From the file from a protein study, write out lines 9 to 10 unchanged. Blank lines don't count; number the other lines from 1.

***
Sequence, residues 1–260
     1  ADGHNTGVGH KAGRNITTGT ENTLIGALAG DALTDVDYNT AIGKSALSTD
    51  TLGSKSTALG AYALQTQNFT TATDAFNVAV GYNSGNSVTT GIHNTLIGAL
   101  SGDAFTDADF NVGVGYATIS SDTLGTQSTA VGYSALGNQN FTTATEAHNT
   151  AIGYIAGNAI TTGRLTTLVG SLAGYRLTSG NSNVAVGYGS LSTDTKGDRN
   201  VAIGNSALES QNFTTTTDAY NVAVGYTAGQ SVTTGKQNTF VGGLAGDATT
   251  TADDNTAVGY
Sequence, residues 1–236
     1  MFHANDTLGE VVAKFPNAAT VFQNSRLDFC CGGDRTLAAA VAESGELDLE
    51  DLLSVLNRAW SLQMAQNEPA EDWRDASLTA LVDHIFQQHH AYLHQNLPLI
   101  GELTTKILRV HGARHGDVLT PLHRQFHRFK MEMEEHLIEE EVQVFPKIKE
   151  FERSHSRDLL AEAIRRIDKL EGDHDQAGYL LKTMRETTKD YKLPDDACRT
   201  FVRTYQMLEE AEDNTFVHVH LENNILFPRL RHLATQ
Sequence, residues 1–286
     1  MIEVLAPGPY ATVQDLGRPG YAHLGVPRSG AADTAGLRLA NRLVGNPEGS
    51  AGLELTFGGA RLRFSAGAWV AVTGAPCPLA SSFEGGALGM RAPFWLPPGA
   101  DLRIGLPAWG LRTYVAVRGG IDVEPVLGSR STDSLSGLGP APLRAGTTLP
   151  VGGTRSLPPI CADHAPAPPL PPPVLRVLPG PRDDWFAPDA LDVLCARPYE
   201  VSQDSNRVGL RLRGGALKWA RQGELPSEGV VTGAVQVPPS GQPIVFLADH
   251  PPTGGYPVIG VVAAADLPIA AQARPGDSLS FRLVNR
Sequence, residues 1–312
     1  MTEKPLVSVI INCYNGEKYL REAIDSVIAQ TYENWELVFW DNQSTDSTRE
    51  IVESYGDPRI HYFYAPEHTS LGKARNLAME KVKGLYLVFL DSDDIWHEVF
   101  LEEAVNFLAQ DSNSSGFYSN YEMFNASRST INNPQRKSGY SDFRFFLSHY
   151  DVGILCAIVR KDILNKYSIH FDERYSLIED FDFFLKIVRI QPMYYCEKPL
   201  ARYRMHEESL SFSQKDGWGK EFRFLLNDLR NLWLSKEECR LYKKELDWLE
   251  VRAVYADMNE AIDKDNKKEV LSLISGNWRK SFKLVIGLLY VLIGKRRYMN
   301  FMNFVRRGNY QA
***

     1  MFHANDTLGE VVAKFPNAAT VFQNSRLDFC CGGDRTLAAA VAESGELDLE
    51  DLLSVLNRAW SLQMAQNEPA EDWRDASLTA LVDHIFQQHH AYLHQNLPLI